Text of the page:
How new executive pay legislation will affect you

How new executive pay legislation will affect you

New legislation regulation executive pay will soon be introduced by the government – just eight months after the last changes were made.

The new round of legislation was developed after consultation on a proposal for executive remuneration ‘clawback’ and will also implement several recommendations made by the Corporations and Markets Advisory Committee (CAMAC) to improve disclosure in remuneration reports.

The changes come after a series of other executive pay legislative changes.  Examples include:

  • Amendments to the way equity plans are taxed;
  • Executive and director termination payments requiring shareholder approval if they exceed 12 months’ pay;
  • Prescribed methods by which directors can receive external remuneration advice;
  • Disclosure requirements on executive pay consultants;
  • The ‘two strikes’ laws requiring a spill and re-election of the board if a 25% minority of eligible shareholders vote against the remuneration report twice;
  • Anti-hedging laws relating to executive incentive plans; and
  • Laws against directors declaring that there is no vacancy on the board.

The Gillard government will progress amendments to the Corporations Act 2001 to require listed companies to disclose to shareholders through the remuneration report the steps they have taken to “claw back” bonuses and other remuneration where a material misstatement has occurred in relation to the company’s financial statements.

If the company has not clawed back any remuneration following a misstatement, the board will be required to provide a detailed explanation to their shareholders. If shareholders are unhappy with the company’s actions, they would be able to use their powers under the two-strike rule to vote down the remuneration report and potentially spill the board.

Parliamentary secretary to the Treasurer, David Bradbury, said:  “Clawback provisions in executive contracts are already being adopted by many listed companies and these reforms will ensure that shareholders are able to have a say about the efficacy of those provisions.”

In this regard, Mr Bradbury appears to be referring to forfeiture provisions companies have in place for deferred short-term incentives.  “Clawback”, as it applies elsewhere in the world, refers to seeking repayment of incentives that have fully vested.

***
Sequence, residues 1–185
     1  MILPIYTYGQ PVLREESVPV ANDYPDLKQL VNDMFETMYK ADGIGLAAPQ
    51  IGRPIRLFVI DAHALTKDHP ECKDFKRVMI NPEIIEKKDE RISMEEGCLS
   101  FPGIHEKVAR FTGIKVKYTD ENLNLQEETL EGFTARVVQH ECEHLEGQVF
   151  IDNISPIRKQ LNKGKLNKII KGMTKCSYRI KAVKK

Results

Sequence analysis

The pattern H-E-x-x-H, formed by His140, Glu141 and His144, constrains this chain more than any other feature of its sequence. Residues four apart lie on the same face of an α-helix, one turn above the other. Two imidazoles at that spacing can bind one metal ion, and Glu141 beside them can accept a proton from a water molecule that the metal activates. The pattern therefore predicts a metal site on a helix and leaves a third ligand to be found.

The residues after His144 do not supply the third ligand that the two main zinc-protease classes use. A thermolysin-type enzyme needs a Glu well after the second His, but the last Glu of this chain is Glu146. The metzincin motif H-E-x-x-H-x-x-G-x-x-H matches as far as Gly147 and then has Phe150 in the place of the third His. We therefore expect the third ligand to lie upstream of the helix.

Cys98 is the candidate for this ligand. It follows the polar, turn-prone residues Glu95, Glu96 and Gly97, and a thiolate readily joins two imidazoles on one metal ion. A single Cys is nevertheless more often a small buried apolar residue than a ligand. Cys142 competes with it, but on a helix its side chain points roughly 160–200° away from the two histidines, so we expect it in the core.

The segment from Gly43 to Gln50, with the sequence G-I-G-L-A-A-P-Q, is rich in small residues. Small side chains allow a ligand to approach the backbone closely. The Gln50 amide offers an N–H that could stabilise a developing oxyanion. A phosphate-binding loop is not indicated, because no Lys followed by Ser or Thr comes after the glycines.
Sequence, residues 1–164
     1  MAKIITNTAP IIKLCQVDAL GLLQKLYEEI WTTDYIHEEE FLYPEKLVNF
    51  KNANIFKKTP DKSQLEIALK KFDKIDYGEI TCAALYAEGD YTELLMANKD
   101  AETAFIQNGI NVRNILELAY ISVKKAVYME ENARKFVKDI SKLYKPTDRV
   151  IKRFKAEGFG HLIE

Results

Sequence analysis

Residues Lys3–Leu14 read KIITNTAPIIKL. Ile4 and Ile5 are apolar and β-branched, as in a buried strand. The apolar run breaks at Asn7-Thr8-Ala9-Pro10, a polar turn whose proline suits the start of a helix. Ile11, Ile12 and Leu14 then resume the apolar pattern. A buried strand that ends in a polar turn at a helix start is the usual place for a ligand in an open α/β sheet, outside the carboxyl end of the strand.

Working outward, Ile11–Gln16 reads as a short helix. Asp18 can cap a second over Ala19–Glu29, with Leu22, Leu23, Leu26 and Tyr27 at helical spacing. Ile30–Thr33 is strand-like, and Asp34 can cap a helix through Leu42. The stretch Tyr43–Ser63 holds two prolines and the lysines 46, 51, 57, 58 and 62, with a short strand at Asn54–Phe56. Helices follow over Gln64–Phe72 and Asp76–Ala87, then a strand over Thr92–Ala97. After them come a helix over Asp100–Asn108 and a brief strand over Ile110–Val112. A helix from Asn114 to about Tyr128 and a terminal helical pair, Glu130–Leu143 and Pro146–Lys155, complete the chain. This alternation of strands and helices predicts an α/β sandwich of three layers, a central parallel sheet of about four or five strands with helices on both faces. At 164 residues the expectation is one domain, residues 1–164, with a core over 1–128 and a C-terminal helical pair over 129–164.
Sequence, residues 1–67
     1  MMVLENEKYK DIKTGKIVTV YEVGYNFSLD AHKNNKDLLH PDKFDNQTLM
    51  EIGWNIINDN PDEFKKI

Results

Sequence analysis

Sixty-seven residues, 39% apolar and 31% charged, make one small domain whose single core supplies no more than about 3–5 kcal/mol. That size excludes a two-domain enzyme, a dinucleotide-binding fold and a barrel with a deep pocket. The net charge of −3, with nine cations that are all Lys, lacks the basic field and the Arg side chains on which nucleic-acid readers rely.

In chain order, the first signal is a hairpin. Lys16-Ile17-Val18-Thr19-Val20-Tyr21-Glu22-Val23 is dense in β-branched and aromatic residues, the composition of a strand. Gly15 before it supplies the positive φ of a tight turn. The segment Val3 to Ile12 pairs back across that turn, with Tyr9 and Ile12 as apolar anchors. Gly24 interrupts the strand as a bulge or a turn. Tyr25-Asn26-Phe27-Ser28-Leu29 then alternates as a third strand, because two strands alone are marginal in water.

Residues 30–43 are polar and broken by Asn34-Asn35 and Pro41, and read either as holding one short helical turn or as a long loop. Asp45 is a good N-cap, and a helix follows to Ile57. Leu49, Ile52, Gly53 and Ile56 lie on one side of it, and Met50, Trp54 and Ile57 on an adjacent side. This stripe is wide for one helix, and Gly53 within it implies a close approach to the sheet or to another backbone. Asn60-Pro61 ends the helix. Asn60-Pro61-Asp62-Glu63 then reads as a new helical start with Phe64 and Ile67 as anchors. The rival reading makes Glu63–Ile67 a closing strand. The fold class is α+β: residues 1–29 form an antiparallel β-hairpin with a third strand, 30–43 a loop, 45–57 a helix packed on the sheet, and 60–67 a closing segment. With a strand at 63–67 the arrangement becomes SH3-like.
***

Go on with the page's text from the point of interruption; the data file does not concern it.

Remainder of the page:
This currently requires litigation, and is rarely undertaken and is even more rarely successful.  However, as defined in the government’s December 2010 discussion paper The Clawback of Executive Remuneration: Where Financial Statements are Materially Misstated clawback may be a recoupment of remuneration already paid to the executive, or a cancellation of an outstanding but unvested and unpaid future award.  This covers both forfeiture of deferred incentives and true clawback of amounts that have already been paid.

The disclosure requirements will hasten the trend to adopt STI deferral.

In response to CAMAC’s 2011 report on executive remuneration, the government require more transparent disclosure of termination payments.

Remuneration reports will now have to disclose all payments (including entitlement payments, severance payments and post-severance payments) for key management personnel upon their retirement from the company, regardless of whether those payments were provided under a contract of employment.  Many governance stakeholders should welcome this, given there remains a level of opacity and non-disclosure regarding payments post-termination.

The government further indicated that:

“Unnecessary disclosure requirements will be removed to simplify remuneration reports.”

However, before leaping for joy at the prospect of shorter remuneration reports, be aware that the “unnecessary disclosure” is limited to reporting the percentage of a person’s remuneration that consists of options, and the value of options that have lapsed assuming they had not lapsed.  By our calculation, this should save an average of 65 words.

Other CAMAC recommendations to shorten and simplify remuneration reports were rejected by the government.

Probably the most interesting change to disclosure is the additional requirement that the remuneration report disclose, for each key management personnel, crystallised past pay, present pay and future pay.

This would be expected to hold a high degree of promise for clarifying what an executive is paid. In fact, many companies have been providing this sort of disclosure recently. However, it remains to be seen how the government plans to legislate on this, given its insistence that “information contained in the remuneration report should be disclosed in accordance with the accounting standards”.  It has been the accounting standards, especially the method of valuing and expensing unvested equity, that have contributed to the opacity in remuneration reporting.

The government has also picked up on the current lack of disclosure of dividends paid on unvested shares. As part of this process, the government will consult on the need for disclosure of dividends on unvested shares paid to key management personnel.

Draft legislation to enact these reforms is expected to be released for public consultation in the second half of 2012.  We trust that this will not be a repeat of the last legislation’s consultative process, which consisted of a five-week period encompassing Christmas and the New Year. See more about the government announcement.

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